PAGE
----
I need to use a Single Page Application (React, Ember, Angular, I don't care) with Rails CSRF protection mechanism.

I'm wondering if I need to create a token evey time in the ApplicationController like this:

class ApplicationController < ActionController::Base

  after_action :set_csrf_cookie

  def set_csrf_cookie
    cookies["X-CSRF-Token"] = form_authenticity_token


or I can just create a token once.

Per session or per (non-GET) request?

I think the token is still valid until the session is valid, right?


I see Rails default application (server-rendered pages) update csrf-token each time I navigate a page. So every time it changes.

So in my situation if I create a new token for each after_action the previous CSRF-Token is still good for that session. So, how to invalidate the previous token? I have to?

Because only if I invalidate it makes sense, right?

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    Thanks @nathanvda, but I already read that page and all the links at the bottom and all the Google's servers know me as the best man in the world on this argument. But on this I still don't have the answer!
    – user4412054
    May 6, 2018 at 23:01
  • Just so I fully understand the context, are you using Devise or any other authentication gem with this ? May 11, 2018 at 20:58
  • Devise gem only.
    – user4412054
    May 11, 2018 at 21:00

4 Answers 4


Client side (SPA)

You only need to grab the CSRF token once per session. You can hold onto it in the browser and send it on every (non-GET) request.

Rails will appear to generate a new CSRF token on every request, but it will accept any generated token from that session. In reality, it is just masking a single token using a one-time pad per request, in order to protect against SSL BREACH attack. More details at https://stackoverflow.com/a/49783739/2016618. You don't need to track/store these tokens.

Server side

I strongly suggest using Rails's protect_from_forgery directive rather than encoding the CSRF token in a header yourself. It will generate a different masked token per request.

You can certainly reproduce this yourself with not that much code, but I don't see why you'd need to.

Do you need CSRF protection with an API?

Yes! If you are authenticating with a cookie, you need CSRF protection. This is because cookies are sent with every request, so a malicious website could send a POST request to your site and perform requests on behalf of a logged in user. The CSRF token prevents this, because the malicious site won't know the CSRF token.

  • This attack from a POST request would only be accessible if your endpoint is accepting application/x-www-form-urlencoded correct? I would imagine for many RESTful API's, they are only allowing for POSTs with application/json.
    – seansean11
    Sep 11, 2019 at 22:15
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    @seansean11 Sure, if you only allow that content type then you do not need CSRF, but the OP asked specifically about a default Rails application.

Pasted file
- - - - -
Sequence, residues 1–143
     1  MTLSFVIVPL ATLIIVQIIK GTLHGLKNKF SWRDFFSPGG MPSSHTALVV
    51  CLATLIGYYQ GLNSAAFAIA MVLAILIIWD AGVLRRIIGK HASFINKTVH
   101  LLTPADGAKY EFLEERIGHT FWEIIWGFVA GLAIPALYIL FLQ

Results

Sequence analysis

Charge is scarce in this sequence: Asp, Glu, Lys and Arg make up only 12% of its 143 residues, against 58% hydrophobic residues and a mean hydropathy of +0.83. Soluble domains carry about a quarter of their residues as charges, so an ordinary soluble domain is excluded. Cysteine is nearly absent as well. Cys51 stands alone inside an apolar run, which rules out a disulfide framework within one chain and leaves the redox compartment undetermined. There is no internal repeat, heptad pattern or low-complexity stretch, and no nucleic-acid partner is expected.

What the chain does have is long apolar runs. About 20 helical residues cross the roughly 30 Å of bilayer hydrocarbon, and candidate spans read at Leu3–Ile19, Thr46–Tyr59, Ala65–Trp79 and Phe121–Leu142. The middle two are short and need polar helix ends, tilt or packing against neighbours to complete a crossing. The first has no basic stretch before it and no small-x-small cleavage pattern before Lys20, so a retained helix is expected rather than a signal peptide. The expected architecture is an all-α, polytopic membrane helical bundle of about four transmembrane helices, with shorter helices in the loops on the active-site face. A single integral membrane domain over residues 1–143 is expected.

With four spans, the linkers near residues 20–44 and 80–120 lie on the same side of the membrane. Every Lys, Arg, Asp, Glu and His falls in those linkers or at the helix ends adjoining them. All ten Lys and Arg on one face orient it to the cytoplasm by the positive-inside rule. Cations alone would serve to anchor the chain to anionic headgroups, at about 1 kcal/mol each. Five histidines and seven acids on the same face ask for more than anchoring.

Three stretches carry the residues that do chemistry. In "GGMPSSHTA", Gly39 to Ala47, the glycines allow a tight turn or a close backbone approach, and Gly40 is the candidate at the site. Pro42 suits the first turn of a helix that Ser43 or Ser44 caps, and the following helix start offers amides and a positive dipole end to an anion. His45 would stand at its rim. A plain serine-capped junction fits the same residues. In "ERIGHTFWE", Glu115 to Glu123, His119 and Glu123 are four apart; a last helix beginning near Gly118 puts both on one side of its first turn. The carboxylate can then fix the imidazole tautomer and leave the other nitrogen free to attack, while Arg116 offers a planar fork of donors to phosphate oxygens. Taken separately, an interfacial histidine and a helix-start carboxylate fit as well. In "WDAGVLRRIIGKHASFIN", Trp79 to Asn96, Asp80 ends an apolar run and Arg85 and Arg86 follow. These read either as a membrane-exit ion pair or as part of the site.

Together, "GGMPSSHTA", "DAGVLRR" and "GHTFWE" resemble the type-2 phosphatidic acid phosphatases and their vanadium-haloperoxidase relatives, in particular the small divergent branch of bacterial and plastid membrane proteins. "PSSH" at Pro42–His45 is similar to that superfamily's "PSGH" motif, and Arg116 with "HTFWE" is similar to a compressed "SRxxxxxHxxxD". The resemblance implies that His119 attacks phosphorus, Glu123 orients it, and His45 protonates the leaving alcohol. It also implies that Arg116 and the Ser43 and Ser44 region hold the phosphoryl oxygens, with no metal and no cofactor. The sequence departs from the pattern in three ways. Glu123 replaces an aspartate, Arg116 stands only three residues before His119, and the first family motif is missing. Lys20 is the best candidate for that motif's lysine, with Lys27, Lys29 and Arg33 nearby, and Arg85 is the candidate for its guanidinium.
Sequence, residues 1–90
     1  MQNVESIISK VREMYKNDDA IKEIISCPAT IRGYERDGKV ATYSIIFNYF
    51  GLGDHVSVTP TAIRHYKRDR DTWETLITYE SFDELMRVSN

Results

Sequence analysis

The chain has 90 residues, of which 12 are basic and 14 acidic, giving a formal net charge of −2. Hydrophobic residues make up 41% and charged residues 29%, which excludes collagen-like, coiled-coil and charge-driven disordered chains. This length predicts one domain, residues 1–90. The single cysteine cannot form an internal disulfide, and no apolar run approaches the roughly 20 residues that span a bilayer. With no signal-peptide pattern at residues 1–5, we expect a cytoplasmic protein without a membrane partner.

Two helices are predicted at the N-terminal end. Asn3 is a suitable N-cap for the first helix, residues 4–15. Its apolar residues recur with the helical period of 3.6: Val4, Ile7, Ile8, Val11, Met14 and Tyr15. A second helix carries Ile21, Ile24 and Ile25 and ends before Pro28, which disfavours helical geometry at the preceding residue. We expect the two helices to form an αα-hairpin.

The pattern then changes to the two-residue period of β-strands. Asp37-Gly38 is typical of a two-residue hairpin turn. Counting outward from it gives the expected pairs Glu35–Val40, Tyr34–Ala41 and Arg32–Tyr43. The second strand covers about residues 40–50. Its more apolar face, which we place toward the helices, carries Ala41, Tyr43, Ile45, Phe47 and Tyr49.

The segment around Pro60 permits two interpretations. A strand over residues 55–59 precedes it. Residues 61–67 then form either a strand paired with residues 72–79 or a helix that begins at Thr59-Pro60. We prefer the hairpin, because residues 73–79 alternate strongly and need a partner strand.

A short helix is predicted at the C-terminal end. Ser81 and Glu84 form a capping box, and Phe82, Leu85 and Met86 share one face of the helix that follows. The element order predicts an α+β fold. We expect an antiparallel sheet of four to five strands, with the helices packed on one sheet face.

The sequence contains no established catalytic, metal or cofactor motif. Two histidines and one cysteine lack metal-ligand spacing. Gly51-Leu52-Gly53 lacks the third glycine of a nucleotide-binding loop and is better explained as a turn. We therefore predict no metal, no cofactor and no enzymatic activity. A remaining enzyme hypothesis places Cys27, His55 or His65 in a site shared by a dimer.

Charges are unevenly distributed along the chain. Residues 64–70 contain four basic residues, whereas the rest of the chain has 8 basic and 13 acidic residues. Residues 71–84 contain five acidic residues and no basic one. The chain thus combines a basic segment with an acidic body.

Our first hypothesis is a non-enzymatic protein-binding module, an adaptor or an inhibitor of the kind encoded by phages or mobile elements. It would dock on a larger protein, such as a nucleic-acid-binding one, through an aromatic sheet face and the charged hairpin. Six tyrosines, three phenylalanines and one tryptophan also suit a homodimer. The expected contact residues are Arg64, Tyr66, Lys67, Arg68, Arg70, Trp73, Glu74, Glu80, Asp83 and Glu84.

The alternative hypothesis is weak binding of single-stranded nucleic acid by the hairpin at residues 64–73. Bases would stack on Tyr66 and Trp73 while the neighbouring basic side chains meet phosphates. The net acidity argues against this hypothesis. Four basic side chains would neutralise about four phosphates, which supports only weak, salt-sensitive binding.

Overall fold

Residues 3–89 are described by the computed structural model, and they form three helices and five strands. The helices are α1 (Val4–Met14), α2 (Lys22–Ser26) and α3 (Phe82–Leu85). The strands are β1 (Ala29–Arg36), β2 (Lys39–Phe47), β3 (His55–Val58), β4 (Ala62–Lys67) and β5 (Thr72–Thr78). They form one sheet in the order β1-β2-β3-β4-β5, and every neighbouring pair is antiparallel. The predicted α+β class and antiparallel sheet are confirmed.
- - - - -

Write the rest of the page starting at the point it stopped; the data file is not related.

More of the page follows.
– Sarkom
    Sep 11, 2019 at 22:55
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    The malicious website could also send a request to the webserver to get the CSRF token and then POST whatever. Oct 27, 2020 at 8:23
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    @BasheerKharoti Same-Origin Policy is a standard feature of all major browsers and has been for many years now. It is true that these protections can be bypassed by using a non-browser client or a developer tool like Postman, but malicious websites are not able to use these tools to get around SOP restrictions. If you know of any exceptions to this, please share them.
    – Sarkom
    Nov 1, 2020 at 17:55
  • 1
    @Sarkom Not necessarily to be a non-browser client but can also be bypassed in any browser. Bypass chrome Nov 2, 2020 at 4:37

I'll just answer the question. Full details are explained in this article: https://blog.eq8.eu/article/rails-api-authentication-with-spa-csrf-tokens.html

Given Rails is setting cookie for SPA

CSRF tokens are valid during the lifetime of the session. Therefore yes it's ok just to generate one CSRF token for the duration of session after login.

class LoginController < ApplicationController
  def create
    if user_password_match
      # ....
      cookie[:my_csrf_token]= form_authenticity_token

or you can refresh the cookie the same way as you are proposing

class ApplicationController < ActionController::Base

  after_action :set_csrf_cookie

  def set_csrf_cookie
    cookies["my_csrf_token"] = form_authenticity_token


Your SPA just needs to read the cookie and set it as header.

Both are equally valid

or You can just provide the CSRF token as a login response and SPA will store it somewhere and use it in the X-CSRF-Token header:

curl POST  https://api.my-app.com/login.json  -d "{"email":'[email protected]", "password":"Hello"}"  -H 'ContentType: application/json'
# Cookie with session_id was set

# response: